Irish Harp Images from Robert Bruce Armstrong, 1904


Although the Irish harp has been depicted in various forms and media since the Middle Ages, the greatest advance in the iconography of the instrument was made in 1904 with the publication in Edinburgh of Robert Bruce Armstrong’s Musical Instruments. Part 1: The Irish and the Highland Harps. This was the first of two volumes he wrote on historic harps and other instruments – Irish, Scottish and English – the second being English and Irish Instruments (Edinburgh 1908).

The 1904 volume is notable for Armstrong’s own meticulous drawings (marked RBA) and for contemporary photographs (some by Armstrong) of the most important Irish and Scottish harps then known to him, as well as for his measured scholarly consideration of the history and nature of the two related harp traditions. A selection of his Irish images is reproduced here.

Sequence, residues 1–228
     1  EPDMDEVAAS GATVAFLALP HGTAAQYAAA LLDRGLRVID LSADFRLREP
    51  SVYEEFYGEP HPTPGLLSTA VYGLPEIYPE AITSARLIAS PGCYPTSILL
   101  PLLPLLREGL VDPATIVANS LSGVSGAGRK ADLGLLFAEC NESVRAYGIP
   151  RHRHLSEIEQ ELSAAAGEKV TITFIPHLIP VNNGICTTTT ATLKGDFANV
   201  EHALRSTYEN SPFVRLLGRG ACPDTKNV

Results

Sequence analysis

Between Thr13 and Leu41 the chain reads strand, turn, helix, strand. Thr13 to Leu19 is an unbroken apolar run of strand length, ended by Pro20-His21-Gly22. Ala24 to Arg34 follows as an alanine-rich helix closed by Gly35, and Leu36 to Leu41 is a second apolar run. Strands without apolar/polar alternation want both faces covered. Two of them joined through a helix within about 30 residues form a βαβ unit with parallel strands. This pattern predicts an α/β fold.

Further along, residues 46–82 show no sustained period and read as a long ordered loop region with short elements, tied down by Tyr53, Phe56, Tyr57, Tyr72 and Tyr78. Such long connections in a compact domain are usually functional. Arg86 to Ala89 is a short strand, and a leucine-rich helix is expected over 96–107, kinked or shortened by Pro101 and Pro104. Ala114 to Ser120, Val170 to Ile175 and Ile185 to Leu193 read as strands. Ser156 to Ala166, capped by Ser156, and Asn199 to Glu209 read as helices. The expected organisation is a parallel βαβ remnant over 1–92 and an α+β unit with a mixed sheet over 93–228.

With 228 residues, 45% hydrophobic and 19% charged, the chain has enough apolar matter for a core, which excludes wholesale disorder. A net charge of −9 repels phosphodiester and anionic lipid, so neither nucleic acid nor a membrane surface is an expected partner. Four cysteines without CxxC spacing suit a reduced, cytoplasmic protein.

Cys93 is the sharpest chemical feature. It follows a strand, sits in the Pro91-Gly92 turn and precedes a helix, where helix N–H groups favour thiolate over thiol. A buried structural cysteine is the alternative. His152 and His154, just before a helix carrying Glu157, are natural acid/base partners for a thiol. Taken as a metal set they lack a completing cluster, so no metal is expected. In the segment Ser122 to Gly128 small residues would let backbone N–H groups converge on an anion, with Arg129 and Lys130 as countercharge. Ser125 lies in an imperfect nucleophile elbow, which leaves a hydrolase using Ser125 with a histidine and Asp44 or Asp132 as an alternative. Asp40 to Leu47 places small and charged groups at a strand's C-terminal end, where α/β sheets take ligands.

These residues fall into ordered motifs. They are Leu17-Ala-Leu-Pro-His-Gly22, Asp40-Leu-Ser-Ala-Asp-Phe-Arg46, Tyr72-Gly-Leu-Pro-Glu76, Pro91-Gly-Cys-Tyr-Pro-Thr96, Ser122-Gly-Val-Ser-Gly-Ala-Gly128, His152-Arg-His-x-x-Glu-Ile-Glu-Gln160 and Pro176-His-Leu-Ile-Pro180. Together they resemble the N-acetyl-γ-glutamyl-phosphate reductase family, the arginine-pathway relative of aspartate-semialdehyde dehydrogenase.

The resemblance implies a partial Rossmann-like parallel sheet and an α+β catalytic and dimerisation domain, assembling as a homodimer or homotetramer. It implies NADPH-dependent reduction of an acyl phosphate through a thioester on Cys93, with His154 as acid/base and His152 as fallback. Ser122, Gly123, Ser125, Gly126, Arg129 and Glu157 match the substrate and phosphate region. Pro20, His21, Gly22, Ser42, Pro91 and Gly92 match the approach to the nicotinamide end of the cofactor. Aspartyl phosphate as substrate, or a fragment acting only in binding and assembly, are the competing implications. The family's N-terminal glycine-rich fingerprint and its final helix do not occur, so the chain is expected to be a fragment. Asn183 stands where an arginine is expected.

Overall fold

Robert Bruce Armstrong (died c. 1914) was a historian and archaeologist, artist and musician, who was born in Dublin of Ulster and Scottish parentage. Living in Edinburgh, he was a fellow of the Society of Antiquaries of Scotland and a life-member of the Royal Society of Antiquaries of Ireland. He bequeathed unsold copies of his musical works to the Royal Irish Academy for its benefit.

The 1904 volume was published in a limited edition of 180 copies, which are now rare. It was republished in facsimile in 1969, with an introduction by Seóirse Bodley, in Shannon etc. by the Irish University Press and in New York by Praeger Publications. The full text of the volume is available online in the Internet Archive at

With thanks to Keith Sanger.

NC, 1 August 2009

Irish Harp Images from Robert Bruce Armstrong, 1904